One of my biggest dreams is being financially independent; maybe not necessarily independently wealthy (although if we’re dreaming big, maybe, why not), but certainly free of debt and in control of my finances. It may not be a dream as fun as trips or houses or yachts, but to me, it is the cornerstone of making all my other big dreams a reality.
Like most people in that gigantic amorphous mass we call the middle class, I grew up in debt. I didn’t know it as a child or teen, the bills may not have come in my name, but I was in debt because my family was in debt. My mom, bless her, did miracles with her teacher’s salary to make sure my sisters and I had what we needed and some of what we wanted, a feat I continually realize how hard it was as I grow as a parent. That life, however, taught me habits that I took into my own independent life once I moved out on my own at 20, and it wasn’t long after that I was already in debt myself. Cut to 23 years later, and I have a hefty debt to my name that I now have to deal with before it continues to affect my future.
In terms of what steps to take, this dream is actually quite achievable. Around two years ago, I was introduced to the teachings of Dave Ramsey’s Financial Peace University, and ever since I have become a true devotee. Between his books The Total Money Makeover and Financial Peace Revisited, I have at my disposal a series of tried-and-true “baby steps” (as Ramsey calls them) to help me get out of debt in a few years.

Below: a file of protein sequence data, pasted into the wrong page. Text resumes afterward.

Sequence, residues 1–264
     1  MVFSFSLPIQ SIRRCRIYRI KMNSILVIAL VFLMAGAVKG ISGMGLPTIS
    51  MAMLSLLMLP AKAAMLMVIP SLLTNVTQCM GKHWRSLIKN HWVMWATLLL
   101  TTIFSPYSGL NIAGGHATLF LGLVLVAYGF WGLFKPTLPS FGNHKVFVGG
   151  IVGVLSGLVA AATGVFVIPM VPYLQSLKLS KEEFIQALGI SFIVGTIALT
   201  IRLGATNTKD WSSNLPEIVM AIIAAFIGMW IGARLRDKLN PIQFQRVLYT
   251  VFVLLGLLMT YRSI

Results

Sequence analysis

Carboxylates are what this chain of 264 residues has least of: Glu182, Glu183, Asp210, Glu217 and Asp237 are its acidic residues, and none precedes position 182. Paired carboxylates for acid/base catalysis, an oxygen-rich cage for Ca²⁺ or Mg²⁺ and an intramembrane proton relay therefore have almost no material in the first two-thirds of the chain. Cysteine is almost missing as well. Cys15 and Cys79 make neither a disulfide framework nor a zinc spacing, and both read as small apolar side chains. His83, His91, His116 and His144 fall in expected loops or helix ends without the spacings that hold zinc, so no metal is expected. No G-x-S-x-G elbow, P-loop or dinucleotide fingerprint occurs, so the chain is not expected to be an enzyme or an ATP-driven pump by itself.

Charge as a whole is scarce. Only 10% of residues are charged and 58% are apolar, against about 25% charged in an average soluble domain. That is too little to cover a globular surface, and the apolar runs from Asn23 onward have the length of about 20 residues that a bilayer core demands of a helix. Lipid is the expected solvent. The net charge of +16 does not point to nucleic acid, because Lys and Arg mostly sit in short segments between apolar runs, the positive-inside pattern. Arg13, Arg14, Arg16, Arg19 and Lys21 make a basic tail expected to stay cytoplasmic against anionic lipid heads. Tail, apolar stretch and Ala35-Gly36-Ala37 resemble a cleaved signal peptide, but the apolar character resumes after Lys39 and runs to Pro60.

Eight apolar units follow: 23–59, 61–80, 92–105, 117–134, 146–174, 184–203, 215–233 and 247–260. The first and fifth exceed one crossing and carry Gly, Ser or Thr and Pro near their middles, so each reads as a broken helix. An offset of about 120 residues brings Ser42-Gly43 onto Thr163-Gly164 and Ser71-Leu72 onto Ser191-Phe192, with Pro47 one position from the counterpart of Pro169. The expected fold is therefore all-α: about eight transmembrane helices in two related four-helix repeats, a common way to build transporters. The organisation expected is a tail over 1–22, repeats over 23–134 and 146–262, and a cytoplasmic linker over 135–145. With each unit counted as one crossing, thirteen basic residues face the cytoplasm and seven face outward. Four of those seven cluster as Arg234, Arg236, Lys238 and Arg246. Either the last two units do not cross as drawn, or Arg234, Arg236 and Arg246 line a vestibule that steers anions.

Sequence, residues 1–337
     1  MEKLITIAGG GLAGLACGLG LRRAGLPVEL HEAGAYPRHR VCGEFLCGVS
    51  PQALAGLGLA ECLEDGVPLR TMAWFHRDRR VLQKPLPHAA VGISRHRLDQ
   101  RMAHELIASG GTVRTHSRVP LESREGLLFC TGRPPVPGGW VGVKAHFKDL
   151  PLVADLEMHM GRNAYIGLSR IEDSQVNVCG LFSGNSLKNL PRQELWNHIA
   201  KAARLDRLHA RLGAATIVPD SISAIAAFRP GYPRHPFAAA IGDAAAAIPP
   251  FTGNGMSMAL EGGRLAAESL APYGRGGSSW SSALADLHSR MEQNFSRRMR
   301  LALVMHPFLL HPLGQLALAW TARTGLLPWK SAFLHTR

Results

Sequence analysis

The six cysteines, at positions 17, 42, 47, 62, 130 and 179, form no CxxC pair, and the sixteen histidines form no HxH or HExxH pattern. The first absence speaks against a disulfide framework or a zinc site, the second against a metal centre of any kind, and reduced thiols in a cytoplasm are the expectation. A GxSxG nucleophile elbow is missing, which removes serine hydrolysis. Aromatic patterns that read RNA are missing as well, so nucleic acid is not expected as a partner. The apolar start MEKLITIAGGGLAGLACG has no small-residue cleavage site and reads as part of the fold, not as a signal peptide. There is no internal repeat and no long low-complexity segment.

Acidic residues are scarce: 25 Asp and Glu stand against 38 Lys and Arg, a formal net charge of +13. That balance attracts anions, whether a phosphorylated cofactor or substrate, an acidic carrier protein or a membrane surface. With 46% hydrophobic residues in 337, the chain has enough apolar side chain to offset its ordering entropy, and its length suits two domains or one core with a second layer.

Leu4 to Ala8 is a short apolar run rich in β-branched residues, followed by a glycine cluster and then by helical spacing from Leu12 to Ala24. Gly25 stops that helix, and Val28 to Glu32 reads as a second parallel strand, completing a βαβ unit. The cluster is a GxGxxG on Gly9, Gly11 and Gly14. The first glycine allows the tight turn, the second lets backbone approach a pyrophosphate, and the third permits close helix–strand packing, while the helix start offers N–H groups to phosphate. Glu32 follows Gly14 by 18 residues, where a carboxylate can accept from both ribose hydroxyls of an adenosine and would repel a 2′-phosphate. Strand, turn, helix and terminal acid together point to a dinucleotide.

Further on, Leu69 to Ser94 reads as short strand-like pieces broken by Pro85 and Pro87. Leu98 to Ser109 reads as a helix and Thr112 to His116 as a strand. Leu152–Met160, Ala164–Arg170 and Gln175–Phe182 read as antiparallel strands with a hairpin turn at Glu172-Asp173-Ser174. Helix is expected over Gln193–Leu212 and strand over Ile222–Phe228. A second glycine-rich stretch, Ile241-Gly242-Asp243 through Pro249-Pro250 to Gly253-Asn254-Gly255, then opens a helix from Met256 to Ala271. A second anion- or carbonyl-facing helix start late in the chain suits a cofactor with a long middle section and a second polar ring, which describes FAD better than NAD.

The thing with the baby steps is that you have to commit, and I’ll admit that I have faltered in that commitment along the way. The first three baby steps are in many ways the hardest, as they require you to put away $1000 for emergencies, pay off all debt except mortgage, then expand the emergency fund to cover 3-6 months of expenses. For anyone living paycheck to paycheck, or damn near close to it, stashing away $1000 is hard—not impossible, but hard. It certainly is for me. It requires shaking off habits learned over years of paycheck-to-paycheck survival and an acknowledgment that there will be a future. I’ve done this in the past, had to use my fund for an emergency, and I’m currently working on replenishing it after having had to fix my car recently.
That said, over the last two years I have done baby step #2 to pay off credit cards, and I’ve managed to pay off two of them. I still have a long road ahead, but I have seen that it works, so it gives me the impetus to keep going. My biggest problem is not committing enough to the process, not dedicating every extra cent available to the process. And while I do believe that from time to time we need to have some fun to make all the work worthwhile, I could be doing a lot better in my budgeting to save and pay off debt.
So that’s my big, achievable dream, to get rid of all my debt so that I can save and have a healthy emergency fund, put money away for retirement, and have available income to achieve some of the other big dreams my wife and I have. More important, I want to teach my children new habits, break the debt-is-normal cycle, and hopefully set them on a better financial and life path for their future.